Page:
Sugar is the enemy. That is what we are increasingly being told after academics warned that sugar has become as dangerous as alcohol and tobacco. Energy drinks, Fruit Juices and even our beloved morning tea/coffee are being blamed for the drop in our health standards. So what makes sugar so bad?

A high sugar diet has a number of adverse health effects. Sugar isn’t just white, one lump or two table sugar; sugar comes in many forms such as glucose, fructose, lactose and sucrose. Fruit, milk, honey, jam and maple syrup are all some of the sources of sugar in our diets.

These natural sugars can be addictive. French scientists in Bordeaux reported that in animal trials, rats chose sugar over cocaine (even when they were addicted to cocaine), so if you feel like you are craving a bit of sweetness you may be one of the world’s most common dependants: a sugar addict.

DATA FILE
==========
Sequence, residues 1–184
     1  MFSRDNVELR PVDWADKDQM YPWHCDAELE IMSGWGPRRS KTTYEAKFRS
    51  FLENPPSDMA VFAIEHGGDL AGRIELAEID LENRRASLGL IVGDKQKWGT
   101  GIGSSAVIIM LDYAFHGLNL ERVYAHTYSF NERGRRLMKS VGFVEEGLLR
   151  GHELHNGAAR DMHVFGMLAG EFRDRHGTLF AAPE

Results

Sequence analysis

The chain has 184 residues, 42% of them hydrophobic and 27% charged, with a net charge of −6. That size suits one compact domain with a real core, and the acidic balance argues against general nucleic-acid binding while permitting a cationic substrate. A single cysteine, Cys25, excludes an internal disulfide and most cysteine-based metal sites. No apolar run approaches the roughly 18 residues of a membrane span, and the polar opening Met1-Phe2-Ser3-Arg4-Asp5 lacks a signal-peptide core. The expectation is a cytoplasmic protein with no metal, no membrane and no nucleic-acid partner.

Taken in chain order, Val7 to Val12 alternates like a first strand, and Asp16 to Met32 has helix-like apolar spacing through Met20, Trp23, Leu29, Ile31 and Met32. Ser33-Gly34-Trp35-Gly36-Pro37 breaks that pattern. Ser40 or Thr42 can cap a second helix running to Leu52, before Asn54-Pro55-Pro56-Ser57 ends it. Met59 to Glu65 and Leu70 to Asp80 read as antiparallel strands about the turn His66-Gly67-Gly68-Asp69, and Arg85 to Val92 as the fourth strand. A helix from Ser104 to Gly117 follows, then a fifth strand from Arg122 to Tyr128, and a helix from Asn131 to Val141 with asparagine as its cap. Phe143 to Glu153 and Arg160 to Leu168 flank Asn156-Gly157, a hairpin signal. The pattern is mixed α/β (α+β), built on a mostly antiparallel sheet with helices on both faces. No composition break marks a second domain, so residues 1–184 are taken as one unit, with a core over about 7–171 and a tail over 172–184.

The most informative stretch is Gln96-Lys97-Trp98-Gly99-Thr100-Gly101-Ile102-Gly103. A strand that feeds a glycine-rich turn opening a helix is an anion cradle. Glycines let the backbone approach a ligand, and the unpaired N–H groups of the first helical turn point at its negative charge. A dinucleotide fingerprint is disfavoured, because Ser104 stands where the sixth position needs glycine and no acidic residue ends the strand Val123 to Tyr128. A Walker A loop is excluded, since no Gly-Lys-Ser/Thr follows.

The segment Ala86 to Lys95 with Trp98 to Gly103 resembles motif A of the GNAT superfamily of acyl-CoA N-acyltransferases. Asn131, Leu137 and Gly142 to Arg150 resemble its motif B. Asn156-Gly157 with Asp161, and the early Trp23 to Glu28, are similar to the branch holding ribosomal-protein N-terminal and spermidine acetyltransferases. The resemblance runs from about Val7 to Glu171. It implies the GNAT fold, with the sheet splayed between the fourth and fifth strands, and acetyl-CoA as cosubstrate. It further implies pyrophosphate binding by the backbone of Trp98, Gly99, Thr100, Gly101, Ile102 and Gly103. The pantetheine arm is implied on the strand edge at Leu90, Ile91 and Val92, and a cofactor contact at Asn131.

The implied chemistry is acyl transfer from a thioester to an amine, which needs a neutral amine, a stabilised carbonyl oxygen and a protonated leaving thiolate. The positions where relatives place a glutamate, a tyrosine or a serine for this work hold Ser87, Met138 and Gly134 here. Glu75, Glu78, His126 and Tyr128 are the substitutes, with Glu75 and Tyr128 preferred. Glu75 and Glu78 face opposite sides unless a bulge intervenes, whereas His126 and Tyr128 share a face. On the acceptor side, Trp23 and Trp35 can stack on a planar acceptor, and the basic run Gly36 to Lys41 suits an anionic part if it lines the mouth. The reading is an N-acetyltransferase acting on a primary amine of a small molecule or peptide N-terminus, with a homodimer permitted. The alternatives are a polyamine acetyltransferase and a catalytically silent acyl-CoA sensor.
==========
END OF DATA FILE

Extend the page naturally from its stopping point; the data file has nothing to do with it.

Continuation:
“I’ll just have no sugar in my cuppa then” might seem like an obvious course of action to cut down your daily intake of this highly addictive health hazard. But it is the hidden sugars in ready meals, and almost everything we eat that might be where we need to be more careful. Research papers connected fructose (in particular) to fatty liver disease, to appetite stimulation, and to gout, diabetes, memory loss and, of course, obesity.

So, as with most things in life, moderation is the key.

“Sugar is not bad for you as part of a balanced diet,” says dietitian Sylvia Turner. “It has an important role in providing flavour and texture to foods. Just remember, sugar contains calories but few nutrients, so eating too much added sugar and sugary food and drinks instead of other healthy foods can make your diet less nutritious.”

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